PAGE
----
LACONIA — Electric utility Eversource plans to build a power line through a scenic vista on Parade Road (Route 106). The company says the new line will make electric service more reliable but residents who live nearby say the line would be an eyesore.
The neighbors want the upgraded line built along Old Parade Road where the power lines run now. Eversource representatives said that would mean the project would cost more and take longer to complete.
On Thursday, the neighbors, along with city and state officeholders, met with representatives of Eversource on Old Parade Road to press their case that the part of the line slated to go through a piece of the Prescott State Forest should be abandoned in favor of upgrading the existing line.
State Rep. Peter Spanos said Gov. Chris Sununu is taking a personal interest in the issue and added, “It’s Sununu’s preference to see this view not blighted.”
The current line is shielded from view by trees which line both sides of Old Parade Road which abuts the state forest. The new line would run for about two-tenths of a mile through an open field, and so would be more conspicuous. The current line is about one-quarter of a tenth of a mile longer.
Eversource Transmission Supervisor Josh Letourneau said the new stretch of line is a small part of a new 21,200-foot power line which runs along Roller Coaster Road, then down Parade Road as far as Windemere Heights. The line is designed to feed electricity to 7,320 customers from two directions, which should reduce the length of outages, Letourneau said.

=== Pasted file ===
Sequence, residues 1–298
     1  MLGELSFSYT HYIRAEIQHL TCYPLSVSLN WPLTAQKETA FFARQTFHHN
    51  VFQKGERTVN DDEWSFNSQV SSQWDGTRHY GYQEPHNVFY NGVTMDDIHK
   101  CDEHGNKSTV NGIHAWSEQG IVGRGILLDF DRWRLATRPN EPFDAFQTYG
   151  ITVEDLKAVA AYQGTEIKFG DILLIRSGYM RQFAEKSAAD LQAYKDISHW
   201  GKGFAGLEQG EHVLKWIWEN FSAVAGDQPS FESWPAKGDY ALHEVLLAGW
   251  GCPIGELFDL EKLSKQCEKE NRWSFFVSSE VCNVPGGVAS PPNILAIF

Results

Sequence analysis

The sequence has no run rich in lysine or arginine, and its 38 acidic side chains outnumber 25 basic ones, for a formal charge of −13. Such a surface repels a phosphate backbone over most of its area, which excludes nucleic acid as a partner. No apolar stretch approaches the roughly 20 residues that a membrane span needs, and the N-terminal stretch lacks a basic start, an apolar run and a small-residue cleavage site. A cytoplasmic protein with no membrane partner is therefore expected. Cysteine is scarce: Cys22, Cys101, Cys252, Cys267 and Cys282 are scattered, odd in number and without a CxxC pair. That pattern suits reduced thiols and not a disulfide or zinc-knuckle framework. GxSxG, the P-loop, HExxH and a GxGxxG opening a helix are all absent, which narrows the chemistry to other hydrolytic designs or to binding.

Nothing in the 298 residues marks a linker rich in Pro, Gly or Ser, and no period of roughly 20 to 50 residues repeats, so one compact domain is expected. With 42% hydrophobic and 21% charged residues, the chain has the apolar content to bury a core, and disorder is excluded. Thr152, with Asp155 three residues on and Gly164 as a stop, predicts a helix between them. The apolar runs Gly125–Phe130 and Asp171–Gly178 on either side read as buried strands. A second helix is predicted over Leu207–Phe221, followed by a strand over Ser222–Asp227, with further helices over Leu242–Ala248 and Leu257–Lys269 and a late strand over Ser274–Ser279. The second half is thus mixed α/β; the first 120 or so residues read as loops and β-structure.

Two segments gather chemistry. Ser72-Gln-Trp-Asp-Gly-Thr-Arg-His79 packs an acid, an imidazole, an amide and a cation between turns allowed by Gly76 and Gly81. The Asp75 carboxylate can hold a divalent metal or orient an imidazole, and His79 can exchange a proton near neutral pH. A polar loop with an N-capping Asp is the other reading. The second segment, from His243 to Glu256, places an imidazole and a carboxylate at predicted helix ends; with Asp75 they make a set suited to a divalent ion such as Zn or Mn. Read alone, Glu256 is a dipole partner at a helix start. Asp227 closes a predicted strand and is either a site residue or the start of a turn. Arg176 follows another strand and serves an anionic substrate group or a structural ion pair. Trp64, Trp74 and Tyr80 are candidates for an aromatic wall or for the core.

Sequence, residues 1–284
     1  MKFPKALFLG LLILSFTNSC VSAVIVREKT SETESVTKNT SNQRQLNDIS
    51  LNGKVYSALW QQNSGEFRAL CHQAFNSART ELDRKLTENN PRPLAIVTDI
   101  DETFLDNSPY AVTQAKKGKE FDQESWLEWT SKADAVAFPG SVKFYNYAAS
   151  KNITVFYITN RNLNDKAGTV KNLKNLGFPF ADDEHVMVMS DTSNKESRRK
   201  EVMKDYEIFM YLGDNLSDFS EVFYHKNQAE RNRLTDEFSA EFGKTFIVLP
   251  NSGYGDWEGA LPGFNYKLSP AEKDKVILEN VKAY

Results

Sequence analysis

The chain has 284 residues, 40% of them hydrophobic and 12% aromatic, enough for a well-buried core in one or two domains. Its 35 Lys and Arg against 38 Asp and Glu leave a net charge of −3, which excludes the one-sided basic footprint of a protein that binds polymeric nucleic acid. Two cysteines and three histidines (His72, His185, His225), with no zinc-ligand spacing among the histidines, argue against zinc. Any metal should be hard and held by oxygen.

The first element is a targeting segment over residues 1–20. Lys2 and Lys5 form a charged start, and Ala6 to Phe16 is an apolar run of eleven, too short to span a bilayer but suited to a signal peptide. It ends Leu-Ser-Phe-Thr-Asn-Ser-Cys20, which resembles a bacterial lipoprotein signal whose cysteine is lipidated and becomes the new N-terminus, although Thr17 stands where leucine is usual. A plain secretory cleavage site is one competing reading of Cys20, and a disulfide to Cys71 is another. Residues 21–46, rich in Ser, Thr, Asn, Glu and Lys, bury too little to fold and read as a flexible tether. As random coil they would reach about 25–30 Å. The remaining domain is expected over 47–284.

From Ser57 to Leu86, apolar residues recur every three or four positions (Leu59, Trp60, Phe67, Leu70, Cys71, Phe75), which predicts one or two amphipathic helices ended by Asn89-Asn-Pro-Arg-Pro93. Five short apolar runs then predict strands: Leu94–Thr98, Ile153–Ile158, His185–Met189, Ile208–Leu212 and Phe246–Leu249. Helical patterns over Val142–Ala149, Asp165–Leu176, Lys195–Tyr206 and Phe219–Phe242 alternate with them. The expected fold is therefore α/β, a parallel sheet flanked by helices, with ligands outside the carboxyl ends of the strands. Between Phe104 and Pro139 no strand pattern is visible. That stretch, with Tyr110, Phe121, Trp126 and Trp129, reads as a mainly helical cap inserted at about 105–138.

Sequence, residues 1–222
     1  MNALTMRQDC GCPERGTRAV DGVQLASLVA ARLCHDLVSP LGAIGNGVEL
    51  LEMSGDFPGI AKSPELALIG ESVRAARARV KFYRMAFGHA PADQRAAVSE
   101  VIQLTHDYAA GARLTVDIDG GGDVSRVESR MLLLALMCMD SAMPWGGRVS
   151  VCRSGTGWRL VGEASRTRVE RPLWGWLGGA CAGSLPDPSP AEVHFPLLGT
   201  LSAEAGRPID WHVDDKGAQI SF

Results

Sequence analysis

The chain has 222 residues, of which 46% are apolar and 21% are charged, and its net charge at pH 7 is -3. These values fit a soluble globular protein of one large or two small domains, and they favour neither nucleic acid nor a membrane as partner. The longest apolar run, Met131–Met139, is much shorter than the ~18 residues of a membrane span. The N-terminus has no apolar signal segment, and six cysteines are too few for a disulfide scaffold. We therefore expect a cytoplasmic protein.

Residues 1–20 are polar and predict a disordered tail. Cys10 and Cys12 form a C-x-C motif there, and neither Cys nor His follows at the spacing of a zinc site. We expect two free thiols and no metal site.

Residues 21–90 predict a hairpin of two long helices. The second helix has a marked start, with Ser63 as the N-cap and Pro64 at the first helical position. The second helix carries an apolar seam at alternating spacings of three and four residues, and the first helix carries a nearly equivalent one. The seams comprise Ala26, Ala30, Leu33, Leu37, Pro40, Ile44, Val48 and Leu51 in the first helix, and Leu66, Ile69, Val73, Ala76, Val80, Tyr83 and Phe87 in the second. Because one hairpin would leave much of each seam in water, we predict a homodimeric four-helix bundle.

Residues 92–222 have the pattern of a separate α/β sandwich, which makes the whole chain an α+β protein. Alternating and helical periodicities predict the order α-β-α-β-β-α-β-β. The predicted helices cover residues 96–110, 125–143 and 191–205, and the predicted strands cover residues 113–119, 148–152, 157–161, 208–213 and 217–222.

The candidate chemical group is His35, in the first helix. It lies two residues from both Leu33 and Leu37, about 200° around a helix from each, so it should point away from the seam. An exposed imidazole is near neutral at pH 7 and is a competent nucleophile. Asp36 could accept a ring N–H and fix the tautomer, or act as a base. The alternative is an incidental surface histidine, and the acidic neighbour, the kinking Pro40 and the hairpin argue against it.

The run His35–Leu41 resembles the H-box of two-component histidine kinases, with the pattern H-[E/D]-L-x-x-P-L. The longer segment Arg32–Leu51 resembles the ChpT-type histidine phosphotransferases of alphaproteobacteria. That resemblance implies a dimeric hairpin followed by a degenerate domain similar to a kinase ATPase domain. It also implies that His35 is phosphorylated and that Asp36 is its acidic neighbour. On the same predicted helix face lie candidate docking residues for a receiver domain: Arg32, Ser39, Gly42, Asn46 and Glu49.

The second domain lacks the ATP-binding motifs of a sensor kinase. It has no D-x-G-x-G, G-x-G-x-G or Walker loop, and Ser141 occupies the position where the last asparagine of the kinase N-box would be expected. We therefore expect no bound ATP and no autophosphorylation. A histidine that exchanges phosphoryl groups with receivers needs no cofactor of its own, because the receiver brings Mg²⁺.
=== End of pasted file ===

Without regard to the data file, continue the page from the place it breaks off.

Residents Philip McLaughlin and Liz Nixon faulted Eversource for not notifying the abutting neighbors.
Kaitlyn Woods, an Eversource spokesman, said the utility had discussed the change as early as January with the state Department of Transportation, which owns the land where the new line is to go. The utility also discussed it with the Laconia Public Works Department, she said.
McLaughlin called it ironic that, two weeks ago, he and other neighbors received a letter from the state Department of Natural and Cultural Resources to notify him that the state planned to plant apple trees on the street across from his property, but that he wouldn’t be notified of the construction of a power line in the same area.
“If I’m an abutter in one matter, I’m an abutter in all matters,” McLaughlin said.
McLauglin noted that, if the new line is built, he will not be able to see it from his house.
“I’m advocating for the public interest, not for my interest,” he said.
Laconia City Councilor Bruce Cheney, who represents Ward 1 where the line would be built, said it was a matter of being sensitive to aesthetic concerns.
“I’ve had more calls about this in the last three days than I have ever received about anything else in the last year and a half,” said Cheney.
Eversource Engineering Manager San Bosse said that, if the upgraded line were to be built along Old Parade Road, it would potentially involve cutting some trees, as well as more extensive tree-trimming. He also said the new poles would be 50 feet tall, compared to the 40-foot poles in place now.
Neighbor Ann Marie Shumway said, “You’re doing this because you choose to. You should have more sensitivity. We’re hoping you’d reconsider.”
Spanos told the Eversource officials that the utility should consider the public relations repercussions of its decision.
“It’s not going to be worth the backlash for you,” he said.
When Spanos asked if he could report back to the governor that Eversource would try to reach some type of accommodation on the matter, the utility representatives indicated they would; but when McLaughlin asked the utility to commit to giving a notice of at least five business days should the utility decide to move ahead with the new line as planned, they did not respond.
“Go back and tell your people we want those poles gone,” Cheney said. “We know it will cost a few dollars more. Maybe it’s best for Eversource to go the extra mile and not cause this blight.”